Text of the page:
Cloning and Analysis of a Surface Antigen Gene From Procyclic Trypanosoma congolense

Bayne, Rosemary Ann Lindsay (1992) Cloning and Analysis of a Surface Antigen Gene From Procyclic Trypanosoma congolense. PhD thesis, University of Glasgow.

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The presence of the variant surface glycoprotein coat, and its modulation by the process of antigenic variation have made it unlikely that a vaccine could be developed against mammalian stages of African trypanosomes. However, except for the metacyclic stage which is preadapted to life in the mammalian host, insect stages of these parasites do not possess the variant surface glycoprotein coat and display a common set of antigens on their surface dominated, in T.brucei, by a surface coat composed of the glycoprotein procyclin. If animals could be vaccinated against these common antigens then tsetse flies feeding on such vaccinated animals would ingest antibody with their bloodmeal which might inhibit development of trypanosome infections in the fly and therefore block transmission. Of a set of monoclonal antibodies which had been raised against living procyclic Trypanosoma congolense, one group appeared to be directed against molecules on the trypanosome surface and were strongly agglutinating and trypanocidal. Each monoclonal antibody in that group detected the same diffuse bands on western blots of SDS-PAGE of trypanosome lysates, indicating that they were against the same immunodominant antigen. The antigen has several unusual properties in common with procyclin and the work presented here was directed towards identifying the gene for this antigen. Heterologous probing of a genomic library with the procyclin cDNA from T.brucei indicated that T.congolense has sequences which share a degree of homology to the repetitive elements in the procyclin gene but these sequences are not expressed and there is no true homologue of this gene in T.congolense. The monoclonal antibodies did not detect the antigen gene from a cDNA expression library, probably because at least one of them appears to be directed against a carbohydrate epitope. However, differential screening of a cDNA library with first strand cDNA from procyclic and bloodstream stages detected several cDNAs, one of which contained an open reading frame with a high degree of homology to two cyanogen bromide peptide sequences derived from a Kilifi-type T.congolense surface antigen isolated by Beecroft et al (manuscript in preparation). Apart from a size difference defined by migration on SDS-PAGE, this antigen has identical properties to that detected by the set of monoclonal antibodies. The cDNA has an open reading frame coding for a protein of 256 amino acids which is rich in alanine and acidic residues. There is no N-glycosylation signal and no obvious signal peptide but the amino terminus is hydrophobic and there is a potential signal at the carboxy terminus for the addition of a glycosyl phosphatidylinositol tail which could anchor the protein in the membrane. This protein, which has been called ARP (for Alanine Rich Protein), has been expressed as a fusion protein in E.coli and used to raise antisera in rats and mice. These antisera label procyclic and epimastigote stages of T.congolense in indirect immunofluorescence and label the surface of procyclic cells in immunogold electron microscopy. In western blots of procyclic trypanosome lysates enriched for membranes they identify diffuse bands similar to those detected by the monoclonal antibodies. Several other cDNA clones were isolated in the differential screen but none of these, except perhaps cDNAPl, proved to be genuinely stage-specific. cDNAPl appears to be transcribed from telomeres but in which direction is not evident because it does not possess a poly (A) tail, although probing of northern blots suggests that some of the homologous transcripts are polyadenylated. cDNAs P7 and P8 appear to be single copy sequences in the trypanosome genome but no function can be ascribed to them as they do not contain open reading frames. cDNAPE encodes the ribosomal protein L29, is highly homologous to the the sequence of L29 from other species and may encode a cycloheximide resistant form of this protein in the stock of trypanosomes from which it was isolated. In conclusion, the apparent lack of stage-specific control at the level of transcription in trypanosomes has pushed the differential screening process to its limits and yielded sequences which are largely artifactual. (Abstract shortened by ProQuest.).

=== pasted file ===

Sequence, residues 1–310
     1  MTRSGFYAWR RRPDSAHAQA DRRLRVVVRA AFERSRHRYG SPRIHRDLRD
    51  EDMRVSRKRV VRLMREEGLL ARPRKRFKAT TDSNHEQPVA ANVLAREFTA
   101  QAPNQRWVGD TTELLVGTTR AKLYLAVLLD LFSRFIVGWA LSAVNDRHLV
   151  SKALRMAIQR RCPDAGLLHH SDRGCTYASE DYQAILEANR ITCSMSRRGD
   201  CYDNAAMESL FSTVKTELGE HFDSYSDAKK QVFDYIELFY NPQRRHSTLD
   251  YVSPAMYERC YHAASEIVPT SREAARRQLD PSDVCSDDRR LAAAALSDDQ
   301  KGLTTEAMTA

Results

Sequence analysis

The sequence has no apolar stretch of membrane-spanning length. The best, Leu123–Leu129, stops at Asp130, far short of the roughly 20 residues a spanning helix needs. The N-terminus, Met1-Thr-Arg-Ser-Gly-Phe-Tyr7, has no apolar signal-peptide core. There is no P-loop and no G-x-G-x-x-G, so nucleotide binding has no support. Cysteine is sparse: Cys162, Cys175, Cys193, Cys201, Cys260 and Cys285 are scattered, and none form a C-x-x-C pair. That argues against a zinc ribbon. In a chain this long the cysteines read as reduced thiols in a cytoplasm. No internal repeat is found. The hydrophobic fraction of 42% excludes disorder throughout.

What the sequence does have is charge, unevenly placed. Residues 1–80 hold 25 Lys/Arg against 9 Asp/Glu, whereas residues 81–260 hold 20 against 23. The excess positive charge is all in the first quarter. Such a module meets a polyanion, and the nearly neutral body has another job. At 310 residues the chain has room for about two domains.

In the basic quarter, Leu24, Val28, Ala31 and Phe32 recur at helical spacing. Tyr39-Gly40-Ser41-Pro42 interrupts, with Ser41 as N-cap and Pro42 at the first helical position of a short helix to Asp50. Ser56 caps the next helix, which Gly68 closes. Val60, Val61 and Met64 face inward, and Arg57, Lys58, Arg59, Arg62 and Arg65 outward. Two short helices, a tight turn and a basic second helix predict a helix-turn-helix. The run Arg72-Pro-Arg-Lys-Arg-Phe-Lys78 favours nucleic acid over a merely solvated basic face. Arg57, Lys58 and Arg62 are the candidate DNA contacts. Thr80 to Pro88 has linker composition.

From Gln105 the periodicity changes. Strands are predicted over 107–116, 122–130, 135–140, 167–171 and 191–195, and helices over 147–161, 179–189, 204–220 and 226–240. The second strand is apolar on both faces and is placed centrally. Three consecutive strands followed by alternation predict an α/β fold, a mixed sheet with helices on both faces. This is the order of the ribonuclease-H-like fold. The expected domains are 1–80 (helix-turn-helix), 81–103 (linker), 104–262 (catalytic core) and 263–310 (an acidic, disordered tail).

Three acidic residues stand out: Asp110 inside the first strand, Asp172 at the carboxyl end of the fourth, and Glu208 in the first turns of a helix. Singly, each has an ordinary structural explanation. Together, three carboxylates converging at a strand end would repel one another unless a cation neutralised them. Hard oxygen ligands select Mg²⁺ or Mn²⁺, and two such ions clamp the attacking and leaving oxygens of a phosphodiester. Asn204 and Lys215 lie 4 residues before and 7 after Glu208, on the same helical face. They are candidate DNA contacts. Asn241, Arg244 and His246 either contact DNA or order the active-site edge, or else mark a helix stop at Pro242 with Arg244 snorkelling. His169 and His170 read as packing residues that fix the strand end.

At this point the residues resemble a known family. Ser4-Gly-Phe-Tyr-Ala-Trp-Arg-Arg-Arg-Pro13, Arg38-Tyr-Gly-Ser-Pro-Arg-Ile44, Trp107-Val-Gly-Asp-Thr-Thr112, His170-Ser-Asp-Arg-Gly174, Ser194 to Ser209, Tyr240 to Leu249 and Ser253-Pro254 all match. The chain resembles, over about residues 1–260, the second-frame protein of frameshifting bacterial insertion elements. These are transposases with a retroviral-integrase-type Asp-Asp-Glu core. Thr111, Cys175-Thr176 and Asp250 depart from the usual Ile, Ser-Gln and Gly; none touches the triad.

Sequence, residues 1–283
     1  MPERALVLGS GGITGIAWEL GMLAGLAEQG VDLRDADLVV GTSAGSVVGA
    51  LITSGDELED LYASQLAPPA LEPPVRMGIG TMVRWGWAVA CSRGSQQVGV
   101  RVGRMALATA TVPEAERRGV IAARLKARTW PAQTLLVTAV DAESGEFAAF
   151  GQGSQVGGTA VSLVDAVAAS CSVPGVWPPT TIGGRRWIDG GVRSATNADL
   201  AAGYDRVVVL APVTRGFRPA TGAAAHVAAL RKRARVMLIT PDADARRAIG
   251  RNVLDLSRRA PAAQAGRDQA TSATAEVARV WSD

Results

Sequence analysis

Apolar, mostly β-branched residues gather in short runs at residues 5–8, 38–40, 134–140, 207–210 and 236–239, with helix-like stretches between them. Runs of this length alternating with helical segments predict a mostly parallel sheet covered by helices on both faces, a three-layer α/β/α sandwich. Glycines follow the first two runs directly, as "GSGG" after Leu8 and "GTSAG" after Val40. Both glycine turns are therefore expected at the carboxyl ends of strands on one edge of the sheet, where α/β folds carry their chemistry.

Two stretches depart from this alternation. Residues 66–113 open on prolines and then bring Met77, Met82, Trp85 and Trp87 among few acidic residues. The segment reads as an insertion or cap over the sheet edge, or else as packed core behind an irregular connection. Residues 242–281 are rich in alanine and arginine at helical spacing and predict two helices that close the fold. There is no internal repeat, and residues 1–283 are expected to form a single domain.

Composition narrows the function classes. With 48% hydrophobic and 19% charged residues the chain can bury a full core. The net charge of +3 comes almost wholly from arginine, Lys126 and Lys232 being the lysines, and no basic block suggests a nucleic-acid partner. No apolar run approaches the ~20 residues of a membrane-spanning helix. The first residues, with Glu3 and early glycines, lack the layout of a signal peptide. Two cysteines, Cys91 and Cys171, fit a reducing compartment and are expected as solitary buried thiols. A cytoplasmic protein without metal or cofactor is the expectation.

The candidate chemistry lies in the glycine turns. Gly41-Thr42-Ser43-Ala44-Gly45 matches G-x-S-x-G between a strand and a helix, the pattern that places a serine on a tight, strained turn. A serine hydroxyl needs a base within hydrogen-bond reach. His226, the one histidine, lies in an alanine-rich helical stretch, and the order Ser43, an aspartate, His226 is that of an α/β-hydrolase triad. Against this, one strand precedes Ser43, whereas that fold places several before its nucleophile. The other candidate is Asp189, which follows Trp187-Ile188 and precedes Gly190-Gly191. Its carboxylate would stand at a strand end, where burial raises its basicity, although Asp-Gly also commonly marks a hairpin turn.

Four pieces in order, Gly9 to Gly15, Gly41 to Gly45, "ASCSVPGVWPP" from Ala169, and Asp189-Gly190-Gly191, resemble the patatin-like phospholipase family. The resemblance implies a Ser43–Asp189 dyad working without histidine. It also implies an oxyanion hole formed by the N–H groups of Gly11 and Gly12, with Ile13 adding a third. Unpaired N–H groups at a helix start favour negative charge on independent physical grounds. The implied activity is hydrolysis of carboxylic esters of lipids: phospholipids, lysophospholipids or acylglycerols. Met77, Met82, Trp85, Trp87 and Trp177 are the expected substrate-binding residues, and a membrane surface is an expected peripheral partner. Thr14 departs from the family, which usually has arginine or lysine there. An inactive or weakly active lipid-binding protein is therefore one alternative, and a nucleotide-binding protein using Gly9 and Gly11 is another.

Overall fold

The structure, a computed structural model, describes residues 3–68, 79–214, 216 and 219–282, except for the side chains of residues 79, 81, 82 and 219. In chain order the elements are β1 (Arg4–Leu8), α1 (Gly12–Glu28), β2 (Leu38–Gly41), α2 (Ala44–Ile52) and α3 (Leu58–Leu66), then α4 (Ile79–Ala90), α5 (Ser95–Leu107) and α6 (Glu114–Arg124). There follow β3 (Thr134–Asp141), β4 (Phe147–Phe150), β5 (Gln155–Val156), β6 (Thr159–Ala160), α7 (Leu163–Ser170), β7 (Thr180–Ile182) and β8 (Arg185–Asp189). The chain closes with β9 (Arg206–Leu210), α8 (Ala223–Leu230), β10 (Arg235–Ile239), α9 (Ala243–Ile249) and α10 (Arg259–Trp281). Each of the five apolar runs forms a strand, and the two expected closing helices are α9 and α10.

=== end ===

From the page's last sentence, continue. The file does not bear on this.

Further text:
Item Type: Thesis (PhD)
Qualification Level: Doctoral
Additional Information: Adviser: Dave Barry
Keywords: Genetics, Parasitology
Date of Award: 1992
Depositing User: Enlighten Team
Unique ID: glathesis:1992-75212
Copyright: Copyright of this thesis is held by the author.
Date Deposited: 19 Nov 2019 21:45
Last Modified: 19 Nov 2019 21:45

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